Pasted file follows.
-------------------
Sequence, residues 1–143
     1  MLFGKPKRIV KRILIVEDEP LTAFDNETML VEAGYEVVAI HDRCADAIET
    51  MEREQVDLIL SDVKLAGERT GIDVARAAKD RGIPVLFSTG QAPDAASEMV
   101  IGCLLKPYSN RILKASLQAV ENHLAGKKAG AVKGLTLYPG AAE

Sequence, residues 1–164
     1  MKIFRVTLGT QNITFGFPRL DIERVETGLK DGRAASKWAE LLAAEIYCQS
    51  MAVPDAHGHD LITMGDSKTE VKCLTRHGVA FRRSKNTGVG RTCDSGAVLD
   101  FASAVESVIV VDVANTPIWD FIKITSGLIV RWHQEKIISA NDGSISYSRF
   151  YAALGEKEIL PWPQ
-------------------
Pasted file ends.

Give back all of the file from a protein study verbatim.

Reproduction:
Sequence, residues 1–143
     1  MLFGKPKRIV KRILIVEDEP LTAFDNETML VEAGYEVVAI HDRCADAIET
    51  MEREQVDLIL SDVKLAGERT GIDVARAAKD RGIPVLFSTG QAPDAASEMV
   101  IGCLLKPYSN RILKASLQAV ENHLAGKKAG AVKGLTLYPG AAE

Sequence, residues 1–164
     1  MKIFRVTLGT QNITFGFPRL DIERVETGLK DGRAASKWAE LLAAEIYCQS
    51  MAVPDAHGHD LITMGDSKTE VKCLTRHGVA FRRSKNTGVG RTCDSGAVLD
   101  FASAVESVIV VDVANTPIWD FIKITSGLIV RWHQEKIISA NDGSISYSRF
   151  YAALGEKEIL PWPQ